This table lists symptoms that people with this disease may have. For most diseases, symptoms will vary from person to person. People with the same disease may not have all the symptoms listed. This information comes from a database called the Human Phenotype Ontology (HPO) . The HPO collects information on symptoms that have been described in medical resources. The HPO is updated regularly. Use the HPO ID to access more in-depth information about a symptom.

Medical Terms Other Names
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Percent of people who have these symptoms is not available through HPO
Abnormality of the nervous system
Neurologic abnormalities
Neurological abnormality

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Autosomal dominant inheritance

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These resources provide more information about this condition or associated symptoms. The in-depth resources contain medical and scientific language that may be hard to understand. You may want to review these resources with a medical professional.

Where to Start

In-Depth Information

  • Medscape Reference provides information on this topic. You may need to register to view the medical textbook, but registration is free.
  • The Monarch Initiative brings together data about this condition from humans and other species to help physicians and biomedical researchers. Monarch’s tools are designed to make it easier to compare the signs and symptoms (phenotypes) of different diseases and discover common features. This initiative is a collaboration between several academic institutions across the world and is funded by the National Institutes of Health. Visit the website to explore the biology of this condition.
  • Online Mendelian Inheritance in Man (OMIM) is a catalog of human genes and genetic disorders. Each entry has a summary of related medical articles. It is meant for health care professionals and researchers. OMIM is maintained by Johns Hopkins University School of Medicine.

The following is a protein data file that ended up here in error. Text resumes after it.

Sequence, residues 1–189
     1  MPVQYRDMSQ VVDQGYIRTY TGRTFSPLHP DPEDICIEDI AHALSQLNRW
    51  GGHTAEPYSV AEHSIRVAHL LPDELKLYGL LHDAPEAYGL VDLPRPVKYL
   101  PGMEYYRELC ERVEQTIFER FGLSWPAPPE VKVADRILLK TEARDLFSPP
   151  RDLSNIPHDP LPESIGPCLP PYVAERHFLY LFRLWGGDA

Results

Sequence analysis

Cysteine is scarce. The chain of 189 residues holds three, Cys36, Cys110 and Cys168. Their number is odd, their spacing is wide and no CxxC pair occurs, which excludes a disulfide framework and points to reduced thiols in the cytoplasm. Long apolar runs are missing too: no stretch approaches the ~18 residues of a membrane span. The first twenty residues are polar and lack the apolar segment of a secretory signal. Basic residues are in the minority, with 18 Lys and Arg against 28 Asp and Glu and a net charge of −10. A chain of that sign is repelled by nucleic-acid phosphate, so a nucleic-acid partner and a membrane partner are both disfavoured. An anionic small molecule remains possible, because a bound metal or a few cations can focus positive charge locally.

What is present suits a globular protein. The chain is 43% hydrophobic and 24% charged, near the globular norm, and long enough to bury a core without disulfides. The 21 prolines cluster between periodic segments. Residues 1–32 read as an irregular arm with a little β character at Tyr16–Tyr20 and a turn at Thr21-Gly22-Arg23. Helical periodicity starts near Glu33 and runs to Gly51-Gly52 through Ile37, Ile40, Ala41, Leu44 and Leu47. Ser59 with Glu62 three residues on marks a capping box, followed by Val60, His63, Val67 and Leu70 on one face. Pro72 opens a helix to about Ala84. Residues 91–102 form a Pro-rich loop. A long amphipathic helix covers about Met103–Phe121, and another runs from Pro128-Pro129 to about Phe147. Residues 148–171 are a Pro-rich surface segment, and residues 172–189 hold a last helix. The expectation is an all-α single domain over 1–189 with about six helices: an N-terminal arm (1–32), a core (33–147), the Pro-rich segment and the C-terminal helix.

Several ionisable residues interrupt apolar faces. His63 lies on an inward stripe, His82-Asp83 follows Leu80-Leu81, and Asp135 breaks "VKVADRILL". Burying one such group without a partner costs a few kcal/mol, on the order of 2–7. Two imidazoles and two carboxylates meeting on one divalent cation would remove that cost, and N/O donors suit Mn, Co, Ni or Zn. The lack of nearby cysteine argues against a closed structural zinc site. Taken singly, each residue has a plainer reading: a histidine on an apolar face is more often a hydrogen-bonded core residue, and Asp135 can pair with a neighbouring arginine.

• PubMed is a searchable database of medical literature and lists journal articles that discuss Meralgia paresthetica. Click on the link to view a sample search on this topic.


  1. Meralgia Paresthetica Information Page. National Institute of Neurological Disorders and Stroke (NINDS). June 20, 2018; https://www.ninds.nih.gov/Disorders/All-Disorders/Meralgia-Paresthetica-Information-Page.
  2. Sekul EA. Meralgia Paresthetica. Medscape Reference. Jul 31, 2018; https://emedicine.medscape.com/article/1141848-overview.
  3. Cheatham SW, Kolber MJ, Salamh PA. Meralgia paresthetica: a review of the literature. Int J Sports Phys Ther. December 2013; 8(6):883-893.
  4. Burning Thigh Pain (Meralgia Paresthetica). American Academy of Orthopaedic Surgeons. June, 2017; https://orthoinfo.aaos.org/en/diseases--conditions/burning-thigh-pain-meralgia-paresthetica/.
  5. Anderson BC. Meralgia paresthetica (lateral femoral cutaneous nerve entrapment). UpToDate. Waltham, MA: UpToDate; May 02, 2018; https://www.uptodate.com/contents/meralgia-paresthetica-lateral-femoral-cutaneous-nerve-entrapment.